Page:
by Dana Asby
The beginning of the school year can be hard for parents and kids. Increased stress makes it more difficult for kids to control their emotions and get on the same page as parents, teachers, and peers. Luckily, we know that mindfulness “significantly increases one’s ability to cope with stress, regulate emotions, and attune to others” (Synder, Shapiro, & Treleaven, 2012).
Many mindful parents are already using meditation, breath work, and body scans to calm stressed and anxious minds. Here are some kid-friendly versions of some of the most effective stress-reduction mindfulness techniques.
Yoga: For active preschoolers, yoga can be a fun introduction to mindfulness. Children practice moving their bodies in small, intentional movements that help young children build their attention skills and reduce their stress level.
Breath Work: The National Association for the Education of Young Children recommends teaching breathing techniques, such as deep belly breathing, to stop stress in the moment by helping children better attune to their emotions and understand how to alleviate negative ones with intentional breathing (Statman-Weil, 2015).
Body Scans: A fun technique for kids is the rainbow body scan, which asks children to pay attention to how their body parts and emotions feels as they move from the top of their head with red down through all of the colors of the rainbow until they reach their violet sitz bones.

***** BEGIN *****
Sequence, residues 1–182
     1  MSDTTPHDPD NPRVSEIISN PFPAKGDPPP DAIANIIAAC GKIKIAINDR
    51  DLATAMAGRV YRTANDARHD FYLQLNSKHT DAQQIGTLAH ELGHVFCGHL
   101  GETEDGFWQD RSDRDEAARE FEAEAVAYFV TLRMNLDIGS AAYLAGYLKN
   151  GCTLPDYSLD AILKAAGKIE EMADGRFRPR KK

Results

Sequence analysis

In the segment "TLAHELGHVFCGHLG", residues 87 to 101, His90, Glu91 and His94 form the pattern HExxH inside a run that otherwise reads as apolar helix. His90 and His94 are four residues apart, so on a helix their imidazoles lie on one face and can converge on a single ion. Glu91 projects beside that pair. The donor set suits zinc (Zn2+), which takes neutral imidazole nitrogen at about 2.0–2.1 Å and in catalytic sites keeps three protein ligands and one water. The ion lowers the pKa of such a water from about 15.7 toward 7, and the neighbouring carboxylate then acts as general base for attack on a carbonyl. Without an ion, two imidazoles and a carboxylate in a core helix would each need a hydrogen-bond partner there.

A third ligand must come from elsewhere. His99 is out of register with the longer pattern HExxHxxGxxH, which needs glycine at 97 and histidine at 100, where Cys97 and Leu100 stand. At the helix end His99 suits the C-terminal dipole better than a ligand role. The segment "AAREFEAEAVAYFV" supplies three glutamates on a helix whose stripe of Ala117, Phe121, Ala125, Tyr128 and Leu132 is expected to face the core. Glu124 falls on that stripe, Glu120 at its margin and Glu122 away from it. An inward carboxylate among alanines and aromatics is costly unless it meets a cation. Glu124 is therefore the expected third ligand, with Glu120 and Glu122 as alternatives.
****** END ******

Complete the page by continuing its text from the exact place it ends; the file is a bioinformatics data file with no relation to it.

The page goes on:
Progressive Relaxation: This practice takes the body scan further by asking children to tense up different sets of muscles and release them, allowing some of the built-up stress to be released as well.
Intentional Refocusing: Help children increase attention and quiet extreme emotions by asking them to bring their focus onto a specific object, concept, or sensation without moving their body. These exercises help children bring their minds back into the present (Gehl & Bohlander, 2018).
Many of the above techniques are presented in an engaging way for preschool-age children in the book by Eline Snel, Sitting Still Like a Frog: Mindfulness Exercises for Kids (and their Parents). In addition to giving parents a crash course on mindfulness and mindful parenting, the book presents kid-friendly descriptions of mindfulness practices and gives kids fun activities that engage them in practices that focus on breath, attention, emotional regulation, compassion, and patience.
This blog post was adapted from a larger one originally published for the Center for Educational Improvement. Read more about how kid friendly mindfulness techniques can support self-regulation and secure attachment in traumatized children here.
Gehl, M., & Bohlander, A.H. (2018). Being present: Mindfulness in infant and toddler settings.Young Children.
Statman-Weil, K. (2015). Creating trauma-sensitive classrooms. Young Children.
Synder, R., Shapiro, S., & Treleaven, D. (2012). Attachment theory and mindfulness. Journal of Child and Family Studies, 12, 709-717. doi: 10.1007/s10826-011-9522-8